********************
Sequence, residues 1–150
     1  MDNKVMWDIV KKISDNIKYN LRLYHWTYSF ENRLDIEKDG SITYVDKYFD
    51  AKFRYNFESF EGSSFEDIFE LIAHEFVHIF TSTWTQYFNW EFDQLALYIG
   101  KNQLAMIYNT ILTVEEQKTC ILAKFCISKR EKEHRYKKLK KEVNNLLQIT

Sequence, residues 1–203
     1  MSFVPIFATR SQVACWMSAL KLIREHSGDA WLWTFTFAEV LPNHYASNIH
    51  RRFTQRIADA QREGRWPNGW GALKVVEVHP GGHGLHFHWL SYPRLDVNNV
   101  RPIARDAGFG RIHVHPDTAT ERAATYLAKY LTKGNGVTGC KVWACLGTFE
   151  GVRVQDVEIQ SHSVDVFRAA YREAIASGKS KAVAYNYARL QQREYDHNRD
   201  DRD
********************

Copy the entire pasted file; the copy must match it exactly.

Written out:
Sequence, residues 1–150
     1  MDNKVMWDIV KKISDNIKYN LRLYHWTYSF ENRLDIEKDG SITYVDKYFD
    51  AKFRYNFESF EGSSFEDIFE LIAHEFVHIF TSTWTQYFNW EFDQLALYIG
   101  KNQLAMIYNT ILTVEEQKTC ILAKFCISKR EKEHRYKKLK KEVNNLLQIT

Sequence, residues 1–203
     1  MSFVPIFATR SQVACWMSAL KLIREHSGDA WLWTFTFAEV LPNHYASNIH
    51  RRFTQRIADA QREGRWPNGW GALKVVEVHP GGHGLHFHWL SYPRLDVNNV
   101  RPIARDAGFG RIHVHPDTAT ERAATYLAKY LTKGNGVTGC KVWACLGTFE
   151  GVRVQDVEIQ SHSVDVFRAA YREAIASGKS KAVAYNYARL QQREYDHNRD
   201  DRD